Schwabacher Brothers and Company, Building #3, Pioneer Square, Seattle, WA 1883SeattleWA
Seattle Public Schools, Central School #2, First Hill, Seattle, WA 1888-1889SeattleWA
Seattle Public Schools, Denny School Project, Seattle, WA1883SeattleWA
Seattle Public Schools, South School #2, Seattle, WA 1888-1889SeattleWA
Seattle Safe Deposit Building #1, Pioneer Square, Seattle, WA 1884-1885SeattleCA
Simpson, Solomon G., House, Seattle, WA 1887SeattleWA
Smith, E.S., House, Tacoma, WA1885TacomaWA
State of California, Board of Prison Directors, Preston School of Industry, Ione, CA1889-1894IoneCA
Stone, Corliss P., Building, Pioneer Square, Seattle, WA 1883-1885SeattleWA
Territory of Washington, Western Washington Hospital for the Insane, Steilacoom, WA1886-1887SteilacoomWA
Washington Academy, Downtown, Tacoma, WA1885TacomaWA
Watson Squire Building, Pioneer Square, Seattle, WA 1883SeattleWA
Wilkeson and Kandle Building, Downtown, Tacoma, WA 1884TacomaWA
Wilkeson, Samuel, House, Tacoma, WA1884TacomaWA
Wright, Annie, Seminary #1, Stadium District, Tacoma, WA 1883-1884TacomaWA
Yesler, Henry L. and Sarah Burgert, House #2, Pioneer Square, Seattle, WA 1883-1884SeattleWA
Yesler-Leary Building, Pioneer Square, Seattle, WA 1882-1883SeattleWA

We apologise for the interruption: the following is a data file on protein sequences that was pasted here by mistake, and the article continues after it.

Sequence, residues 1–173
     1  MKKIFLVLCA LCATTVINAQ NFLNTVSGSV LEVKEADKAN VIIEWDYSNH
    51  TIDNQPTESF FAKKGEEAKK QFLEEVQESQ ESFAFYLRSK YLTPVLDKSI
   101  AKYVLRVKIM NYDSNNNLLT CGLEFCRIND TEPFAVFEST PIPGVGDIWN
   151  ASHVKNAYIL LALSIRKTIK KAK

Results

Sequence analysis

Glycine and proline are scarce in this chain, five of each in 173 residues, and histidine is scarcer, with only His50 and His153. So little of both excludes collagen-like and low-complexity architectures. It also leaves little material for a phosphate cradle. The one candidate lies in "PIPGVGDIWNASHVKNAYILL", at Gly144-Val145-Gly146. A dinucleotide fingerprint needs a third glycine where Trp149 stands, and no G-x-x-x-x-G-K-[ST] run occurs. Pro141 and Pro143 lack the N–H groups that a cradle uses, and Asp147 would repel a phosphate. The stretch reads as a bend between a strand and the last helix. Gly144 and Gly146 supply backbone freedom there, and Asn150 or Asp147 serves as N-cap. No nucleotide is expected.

Ochsner, Jeffrey Karl, Andersen, Dennis Alan, Distant Corner, 298, 2003. Ochsner, Jeffrey Karl, Andersen, Dennis Alan, Distant Corner, 299, 2003. Ochsner, Jeffrey Karl, Andersen, Dennis Alan, Distant Corner, 299, 2003. Ochsner, Jeffrey Karl, Andersen, Dennis A., Distant Corner Seattle Architects and the Legacy of H.H. Richardson, 298, 2003. Ochsner, Jeffrey Karl, Andersen, Dennis A., Distant Corner, Seattle Architects and the Legacy of H.H. Richardson, 34, 2003. Ochsner, Jeffrey Karl, Andersen, Dennis A., Distant Corner, Seattle Architects and the Legacy of H.H. Richardson, 34, 298, 2003. Ochsner, Jeffrey Karl, Andersen, Dennis A., Distant Corner, Seattle Architects and the Legacy of H.H. Richardson, 298, 2003. Ochsner, Jeffrey Karl, Andersen, Dennis A., Distant Corner, Seattle Architects and the Legacy of H.H. Richardson, 333, 2003. Ochsner, Jeffrey Karl, Andersen, Dennis A., Distant Corner, Seattle Architects and the Legacy of H.H. Richardson, 333, 2003. Ochsner, Jeffrey Karl, Andersen, Dennis A., Distant Corner, Seattle Architects and the Legacy of H.H. Richardson, 298, 333, 2003. Ochsner, Jeffrey Karl, Andersen, Dennis A., Distant Corner, Seattle Architects and the Legacy of H.H. Richardson, 333, 2003. Ochsner, Jeffrey Karl, Andersen, Dennis A., Distant Corner, Seattle Architects and the Legacy of H.H. Richardson, 298, 2003. Ochsner, Jeffrey Karl, Andersen, Dennis A., Distant Corner, Seattle Architects and the Legacy of H.H. Richardson, 34-35, 2003. Ochsner, Jeffrey Karl, Andersen, Dennis A., Distant Corner, Seattle Architects and the Legacy of H.H. Richardson, 33, 2003. Ochsner, Jeffrey Karl, Andersen, Dennis A., Distant Corner, Seattle Architects and the Legacy of H.H. Richardson, 34, 299, 2003. Ochsner, Jeffrey Karl, Andersen, Dennis A., Distant Corner, Seattle Architects and the Legacy of H.H. Richardson, 34, 2003. Ochsner, Jeffrey Karl, Andersen, Dennis A., Distant Corner, Seattle Architects and the Legacy of H.H. Richardson, 34, 2003. Ochsner, Jeffrey Karl, Andersen, Dennis A., Distant Corner, Seattle Architects and the Legacy of H.H. Richardson, 34-35, 2003. Ochsner, Jeffrey Karl, Andersen, Dennis A., Distant Corner, Seattle Architects and the Legacy of H.H. Richardson, 34, 299, 2003. Ochsner, Jeffrey Karl, Andersen, Dennis A., Distant Corner: Seattle Architects and the Legacy of H.H. Richardson, 300, 2003. Ochsner, Jeffrey Karl, Andersen, Dennis A., Distant Corner: Seattle Architects and the Legacy of H.H. Richardson, 335, 2003. Ochsner, Jeffrey Karl, Andersen, Dennis A., Distant Corner: Seattle Architects and the Legacy of H.H. Richardson, 334, 2003. Ochsner, Jeffrey Karl, Andersen, Dennis A., Distant Corner: Seattle Architects and the Legacy of H.H. Richardson, 298, 2003. Ochsner, Jeffrey Karl, Andersen, Dennis A., "Abraham W. Engle House, 1888", Distant Corner: Seattle Architects and the Legacy of H.H. Richardson, 300, 2003. "IOOF Building plans", Seattle Post-Intelligencer, 2, 02/28/1889. "Chapin Building", Seattle Post-Intelligencer, 4, 03/08/1888. "Phinney Building", Seattle Post-Intelligencer, 5, 12/01/1889. "Phinney Building", Seattle Post-Intelligencer, 3, 03/26/1889. "Chapin Building", Seattle Post-Intelligencer, 3, 05/23/1888. "Chapin Building", Seattle Post-Intelligencer, 3, 04/10/1888. Atkins, Frank R., "Henry Yesler Home One of Early Show Places", Seattle Star, 1937-08-07. Morgan, Roland, Seattle Then & Now, 7-8, 1979. Ochsner, Jeffrey Karl, "William E. Boone", Shaping Seattle Architecture, 18-19, 1994.